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Hoffmann, R. A wiki for the life sciences where authorship matters. Nature Genetics (2008)

5-Methoxytryptamine inhibits cyclic AMP accumulation in cultured retinal neurons through activation of a pertussis toxin-sensitive site distinct from the 2-[125I]iodomelatonin binding site.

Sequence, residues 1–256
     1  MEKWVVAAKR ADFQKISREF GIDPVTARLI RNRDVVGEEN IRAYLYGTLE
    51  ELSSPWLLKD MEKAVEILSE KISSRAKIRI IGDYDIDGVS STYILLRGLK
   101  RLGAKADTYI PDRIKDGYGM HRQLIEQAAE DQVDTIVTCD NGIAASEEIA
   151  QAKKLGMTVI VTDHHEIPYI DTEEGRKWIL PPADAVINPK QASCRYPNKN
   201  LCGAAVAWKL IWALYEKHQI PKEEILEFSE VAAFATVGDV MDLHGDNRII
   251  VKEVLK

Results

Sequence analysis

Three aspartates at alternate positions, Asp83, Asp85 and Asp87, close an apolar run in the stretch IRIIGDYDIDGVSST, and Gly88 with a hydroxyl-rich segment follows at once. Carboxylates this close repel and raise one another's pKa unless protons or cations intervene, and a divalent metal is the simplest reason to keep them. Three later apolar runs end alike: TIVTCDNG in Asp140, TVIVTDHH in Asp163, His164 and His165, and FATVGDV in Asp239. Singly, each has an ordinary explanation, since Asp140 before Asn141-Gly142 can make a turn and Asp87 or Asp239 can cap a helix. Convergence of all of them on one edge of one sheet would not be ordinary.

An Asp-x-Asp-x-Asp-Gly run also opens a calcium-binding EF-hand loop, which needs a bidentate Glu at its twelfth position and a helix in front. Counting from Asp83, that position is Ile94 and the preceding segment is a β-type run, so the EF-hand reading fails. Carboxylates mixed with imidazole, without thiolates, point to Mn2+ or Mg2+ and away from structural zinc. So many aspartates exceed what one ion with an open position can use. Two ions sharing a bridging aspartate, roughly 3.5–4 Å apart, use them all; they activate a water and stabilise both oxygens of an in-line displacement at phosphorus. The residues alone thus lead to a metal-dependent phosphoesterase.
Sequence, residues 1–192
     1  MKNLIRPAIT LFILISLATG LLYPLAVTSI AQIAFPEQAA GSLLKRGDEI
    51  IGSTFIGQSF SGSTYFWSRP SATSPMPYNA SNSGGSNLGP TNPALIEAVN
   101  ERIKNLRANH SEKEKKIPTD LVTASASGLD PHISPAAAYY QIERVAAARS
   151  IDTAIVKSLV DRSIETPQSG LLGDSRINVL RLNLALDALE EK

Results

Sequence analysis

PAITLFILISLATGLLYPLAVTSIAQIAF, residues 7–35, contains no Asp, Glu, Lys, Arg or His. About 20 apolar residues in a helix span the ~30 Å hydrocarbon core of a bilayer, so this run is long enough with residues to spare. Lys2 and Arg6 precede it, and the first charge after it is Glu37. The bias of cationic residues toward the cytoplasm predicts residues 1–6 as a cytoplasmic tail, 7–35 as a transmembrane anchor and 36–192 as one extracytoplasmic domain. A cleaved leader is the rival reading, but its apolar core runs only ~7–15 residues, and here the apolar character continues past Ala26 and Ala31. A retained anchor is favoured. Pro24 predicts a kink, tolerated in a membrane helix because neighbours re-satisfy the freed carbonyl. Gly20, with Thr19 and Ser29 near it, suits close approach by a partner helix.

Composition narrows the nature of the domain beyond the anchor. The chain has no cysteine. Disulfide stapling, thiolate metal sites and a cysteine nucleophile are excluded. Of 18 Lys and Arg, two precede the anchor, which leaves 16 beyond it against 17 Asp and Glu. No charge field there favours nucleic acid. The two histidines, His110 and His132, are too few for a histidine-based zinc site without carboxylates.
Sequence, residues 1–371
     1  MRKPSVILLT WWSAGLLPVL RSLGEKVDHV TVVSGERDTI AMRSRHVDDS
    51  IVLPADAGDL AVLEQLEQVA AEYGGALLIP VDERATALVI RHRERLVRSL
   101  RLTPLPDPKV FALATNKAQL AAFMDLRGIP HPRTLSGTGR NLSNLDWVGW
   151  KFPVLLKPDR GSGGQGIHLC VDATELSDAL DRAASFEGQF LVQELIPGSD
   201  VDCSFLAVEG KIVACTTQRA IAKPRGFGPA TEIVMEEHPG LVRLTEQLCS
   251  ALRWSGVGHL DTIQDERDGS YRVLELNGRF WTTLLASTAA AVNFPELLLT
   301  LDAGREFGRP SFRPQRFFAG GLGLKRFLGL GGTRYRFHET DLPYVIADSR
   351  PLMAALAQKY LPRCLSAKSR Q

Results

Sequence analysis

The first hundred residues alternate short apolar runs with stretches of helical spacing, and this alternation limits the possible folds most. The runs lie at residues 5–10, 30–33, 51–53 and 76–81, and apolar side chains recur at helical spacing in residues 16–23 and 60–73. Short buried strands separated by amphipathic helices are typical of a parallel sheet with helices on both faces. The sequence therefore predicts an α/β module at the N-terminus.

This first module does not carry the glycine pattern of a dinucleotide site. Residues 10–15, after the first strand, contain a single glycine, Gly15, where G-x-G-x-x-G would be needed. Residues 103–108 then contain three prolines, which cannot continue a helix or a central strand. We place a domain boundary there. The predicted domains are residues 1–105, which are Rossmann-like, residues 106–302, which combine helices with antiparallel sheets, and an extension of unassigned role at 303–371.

Melatonin and 5-methoxytryptamine inhibited forskolin-stimulated cyclic AMP formation in cultured neural cells prepared from embryonic chick retina. Both methoxyindoles exhibited similar potency and efficacy, with EC50 values of 0.8 nM for melatonin and 7.2 nM for 5-methoxytryptamine. Inhibition of cyclic AMP formation by 5-methoxytryptamine or melatonin was prevented by pretreatment with pertussis toxin. Pretreatment of cultures with 5-methoxytryptamine for 24 h reduced the subsequent inhibitory cyclic AMP response to 5-methoxytryptamine but not that to 2-iodomelatonin. Putative melatonin receptors on cultured retinal cells were labeled with 2-[125I]iodomelatonin. Melatonin displaced specific 2-[125I]iodomelatonin with a Ki value (0.8 nM) similar to the EC50 for inhibition of cyclic AMP formation. In contrast, 5-methoxytryptamine only inhibited 2-[125I]iodomelatonin binding at very high concentrations (Ki = 650 nM). Pretreating cultured cells for 24 h with 2-iodomelatonin or melatonin, but not with 5-methoxytryptamine, reduced subsequent 2-[125I]iodomelatonin binding. Thus, 5-methoxytryptamine appears to inhibit forskolin-stimulated cyclic AMP formation at a site distinct from the 2-iodomelatonin binding site.[1]


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